Daniel Rossen, the guitarist/composer of Grizzly Bear and Department of Eagles acclaim, has been relatively inactive in the record world in recent years. Since the release of Grizzly Bear’s electrified masterstroke Veckatimest in 2009, Rossen has released a collection of old Department of Eagles demos and contributed a cover to Crayon Angel, a Judee Sill tribute album. After a three-year drought of new material, Rossen has finally released his long-awaited debut release as a solo artist on Warp Records: Silent Hour/Golden Mile, a five-track EP of all-new Rossen originals.
One of the most refreshing aspects of this release is that Warp gave Rossen free reign over the creation of the music; besides the help of some brass players, a lap-steel guitarist, a drummer on one track, and the masterful mixing of Nicholas Vehrnes at the Rare Book Room in New York, Rossen played almost every role on the record: composer, producer, performer, and engineer. The result is a personal, intimate product of Rossen’s solitary creative process.
“Up on High” kicks off the EP in classic Rossen style: soft acoustic guitar and vocals reverberate with huge force, painting a wide-open soundscape filled with fresh air and soothing chords. Other instruments are gradually brought in and out of the mix: tom-toms pound, a bowed upright bass moans, cymbals sizzle and fade away, all suddenly filling up the space and clearing away like waves on a shore. The whole situation seems like an expression of Rossen’s new freedom to create holistically, without any pressure from producers or collaborators; he seems to be talking to himself when sings, “In this big, empty room / Finally feel free / To sing for me”.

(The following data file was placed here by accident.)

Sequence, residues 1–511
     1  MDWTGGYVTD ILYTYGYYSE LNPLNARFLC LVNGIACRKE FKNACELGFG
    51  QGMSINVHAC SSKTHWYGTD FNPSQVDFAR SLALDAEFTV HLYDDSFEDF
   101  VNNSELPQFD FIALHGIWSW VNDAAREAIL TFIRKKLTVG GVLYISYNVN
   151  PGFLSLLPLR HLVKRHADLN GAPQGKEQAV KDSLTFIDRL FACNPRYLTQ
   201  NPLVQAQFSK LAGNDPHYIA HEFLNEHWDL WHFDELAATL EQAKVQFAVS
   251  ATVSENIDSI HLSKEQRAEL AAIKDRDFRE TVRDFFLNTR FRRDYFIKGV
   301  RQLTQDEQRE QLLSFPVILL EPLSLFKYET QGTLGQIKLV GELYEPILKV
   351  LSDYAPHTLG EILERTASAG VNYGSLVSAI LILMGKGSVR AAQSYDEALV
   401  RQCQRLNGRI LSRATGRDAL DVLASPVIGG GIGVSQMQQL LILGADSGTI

The whole EP really sticks to this idea of the music being a kind of emancipation for Rossen. Compared to the earlier music of Grizzly Bear and Department of Eagles—in which Rossen’s vocals are double-tracked and muddled beneath electronics and his own slippery articulation—Silent Hour/Golden Mile is a crisp, clean statement of his lyrical and musical ideas. The record tables a lot of the more abstract sounds heard on previous Rossen releases and adheres to a stripped-down, acoustic presentation of his songs. You can really hear this restrained economy of ideas on “Saint Nothing”, the fourth track on the EP: the slow, steady pulse of three simple piano chords recalls “Herring Bone” from Department of Eagles’ In Ear Park, while a gorgeous array of french horns, trombones, and trumpets meander softly in the background, confirming and responding to Rossen’s solemn vocals. The music is infinitely spacious and reposed, breathing in the fresh air of the blue desert twilight pictured in the EP’s cover.
Although Rossen has been hard at work developing his solo material, he is still keeping busy with his other projects. He has commented that some of the music on the EP was originally supposed to be on the new Grizzly Bear record (which is currently in the works), so we may expect the band’s new music to be influenced by Silent Hour/Golden Mile’s stripped-down vibe. The new EP, while showcasing a newfound spaciousness in Rossen’s sound, is also a great example of his development as a producer and engineer. With this release, Rossen is joining the ranks of people like Sufjan Stevens and Chaz Bundick (Toro y Moi), who play the solo musician-as-producer role better than most. With Rossen’s growing versatility as not only a musician but a creator of records, we can only expect his other projects to become more diverse and independent as a result.